Good golf usually takes care of everything.
But in these turbulent times, it no longer seems that simple. With a revamped schedule for 2007, all anyone knows is which tournaments are part of the FedEx Cup, when they are played and that Johnny Miller will have twice as many chances to say someone gagged over a putt.
Uncertainty is to be expected. Not even tour officials know how the new points system will work, and whenever they figure it out, the players will be the last to know. But during a busy week of announcements -- including a peculiar TV deal that left out ESPN and locked up The Golf Channel for 15 years -- one potential problem emerged.
Good golf starts with getting a chance to play.
Olin Browne is exempt through 2007 because he won the Deutsche Bank Championship. He spent the past two seasons living off sponsor exemptions, and hopeful that his status as a past champion who finished just outside the top 125 on the money list could get him enough starts for a fair fight.
Sitting in front of his locker at Waialae, he glanced at the FedEx Cup portion of the 2007 schedule -- 35 tournaments to qualify for a series of four tournaments that culminates with the Tour Championship in September. One reason for a shorter season is to get more top players to compete together.
But what happens to the little guy?
'I hope that everybody gets a chance to play right away,' Browne said. 'If you squeeze everyone into a nine-month period, I would think everyone is going to play. That's going to create a little friction with guys out of Q-school.'
Most tournaments have room for 144 players until more daylight allows for 156-man fields. Among active players, 211 are fully exempt this year, a list that starts with Tiger Woods and Phil Mickelson and ends with Will MacKenzie and Jeff Gove, who made it to the big leagues through Q-school and the Nationwide Tour.
Do the math.
There is a pecking order for getting into tournaments, and if more of the stars are competing, that might leave limited opportunities for someone who could turn out to be the next Sean O'Hair or Lucas Glover.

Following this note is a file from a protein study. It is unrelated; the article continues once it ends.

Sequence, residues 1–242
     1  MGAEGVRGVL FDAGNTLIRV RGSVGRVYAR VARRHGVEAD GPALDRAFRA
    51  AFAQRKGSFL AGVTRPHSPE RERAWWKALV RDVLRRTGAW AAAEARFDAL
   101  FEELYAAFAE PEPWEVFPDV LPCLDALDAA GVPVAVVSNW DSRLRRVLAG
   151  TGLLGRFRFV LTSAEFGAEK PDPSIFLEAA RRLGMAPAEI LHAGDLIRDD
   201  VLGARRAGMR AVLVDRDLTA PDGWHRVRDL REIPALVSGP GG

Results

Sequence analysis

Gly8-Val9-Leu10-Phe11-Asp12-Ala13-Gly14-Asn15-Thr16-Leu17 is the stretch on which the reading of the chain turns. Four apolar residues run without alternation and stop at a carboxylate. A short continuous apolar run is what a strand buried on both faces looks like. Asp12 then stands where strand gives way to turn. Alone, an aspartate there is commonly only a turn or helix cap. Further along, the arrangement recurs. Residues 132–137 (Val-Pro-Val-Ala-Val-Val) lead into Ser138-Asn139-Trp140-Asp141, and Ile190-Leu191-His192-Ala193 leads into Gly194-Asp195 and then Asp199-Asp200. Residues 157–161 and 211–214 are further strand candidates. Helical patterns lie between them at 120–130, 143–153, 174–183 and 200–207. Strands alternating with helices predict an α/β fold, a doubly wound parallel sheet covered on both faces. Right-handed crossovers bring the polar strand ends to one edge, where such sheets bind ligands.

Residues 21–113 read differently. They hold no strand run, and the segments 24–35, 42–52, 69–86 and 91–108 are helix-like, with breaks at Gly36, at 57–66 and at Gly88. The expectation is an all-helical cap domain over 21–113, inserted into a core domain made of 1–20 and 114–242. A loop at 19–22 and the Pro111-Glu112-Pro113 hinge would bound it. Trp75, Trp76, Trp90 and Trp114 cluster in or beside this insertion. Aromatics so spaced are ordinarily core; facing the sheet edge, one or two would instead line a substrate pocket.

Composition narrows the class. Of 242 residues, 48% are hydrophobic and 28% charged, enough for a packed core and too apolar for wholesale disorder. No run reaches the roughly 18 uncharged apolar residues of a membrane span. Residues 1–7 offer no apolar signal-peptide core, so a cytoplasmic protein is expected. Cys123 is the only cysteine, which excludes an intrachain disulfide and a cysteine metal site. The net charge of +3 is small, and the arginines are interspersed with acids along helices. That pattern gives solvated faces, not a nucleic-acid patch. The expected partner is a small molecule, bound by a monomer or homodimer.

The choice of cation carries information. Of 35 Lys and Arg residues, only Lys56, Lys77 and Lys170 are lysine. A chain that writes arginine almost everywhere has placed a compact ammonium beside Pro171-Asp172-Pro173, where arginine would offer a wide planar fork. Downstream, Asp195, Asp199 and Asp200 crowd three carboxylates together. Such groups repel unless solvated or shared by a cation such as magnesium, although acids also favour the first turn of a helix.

Not that you'll hear any complaints.
'I'm just happy to be playing a full schedule,' 23-year-old rookie Bill Haas said. 'And I'll be just as happy to play a full schedule next year.'
Roger Tambellini is back for his second stint on the PGA Tour, and did well enough on the Nationwide Tour that he starts this year a little higher on the totem pole. By Love's definition, he's a guy you can find on the range. Tambellini spends more time working on his swing than analyzing schedules.
'I just looked over it last night and don't know enough about it to comment,' he said. 'The only thing I'd be worried about is if I don't break through and win this year, am I going to get into all this?'
The answer, as always, is to play hard.
Still, as Tambellini went down the list, he didn't find a lot of tournaments that might have room for players who have yet to establish themselves. Not many from Q-school or the Nationwide Tour get into Phoenix and Torrey Pines, and even fewer get into the Bob Hope Classic. The Florida swing has two events that are restricted -- the Bay Hill Invitational and Doral, which will be a World Golf Championship in 2007.
Bubba Watson lives a pitching wedge away (with his length, that's three blocks) from tour veteran Ben Bates and shared a worse-case scenario.
'He told me it was great that I made it to '06, because if you don't get top 125 for '07, you might not get in the first 30 events,' Watson said. 'Nobody knows if Tiger is going to play every week. Nobody knows if Phil is going to play every week. They're probably not. But until they start taking off, you're not going to get in.'
Another rookie is Troy Matteson, who got the top spot on the money list from the Nationwide Tour and is ranked ahead of everyone out of the Q-school and the Nationwide. He is playing the Hope this week, and plans to play every chance he gets on the West Coast.
Matteson is happy to be playing. But he could understand someone lower on the list being concerned.
'You'd have more pressure to play good right away,' he said. 'And what happens if you don't play good? The most important thing is that guys from the Nationwide ... have a reasonable chance to prove they can play out here.'
It's not just rookies.
Todd Fischer is 36, and every year has been a grind to keep his card. What caught his attention was the six or seven events after the Tour Championship that aren't even on the schedule, although PGA Tour commissioner Tim Finchem assures they will be there.
'You'd hate that a Sean O'Hair type of guy doesn't really get started until September or October,' Fischer said. 'But you know, some guys always have to yap about something rather than being appreciative of a job. I want to play golf and be happy with that's out there. Whether this new deal benefits everybody, I don't know.'
Fischer had just shot 69 at the Sony Open and was headed to the range. He stopped and smiled.
'I'm surprised I even got this question,' he said.
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